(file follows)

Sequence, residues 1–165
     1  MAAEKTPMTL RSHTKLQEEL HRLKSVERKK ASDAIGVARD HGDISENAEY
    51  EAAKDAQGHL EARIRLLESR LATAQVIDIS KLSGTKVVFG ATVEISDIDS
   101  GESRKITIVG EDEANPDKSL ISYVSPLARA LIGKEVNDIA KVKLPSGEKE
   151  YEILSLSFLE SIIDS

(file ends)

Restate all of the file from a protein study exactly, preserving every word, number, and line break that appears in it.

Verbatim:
Sequence, residues 1–165
     1  MAAEKTPMTL RSHTKLQEEL HRLKSVERKK ASDAIGVARD HGDISENAEY
    51  EAAKDAQGHL EARIRLLESR LATAQVIDIS KLSGTKVVFG ATVEISDIDS
   101  GESRKITIVG EDEANPDKSL ISYVSPLARA LIGKEVNDIA KVKLPSGEKE
   151  YEILSLSFLE SIIDS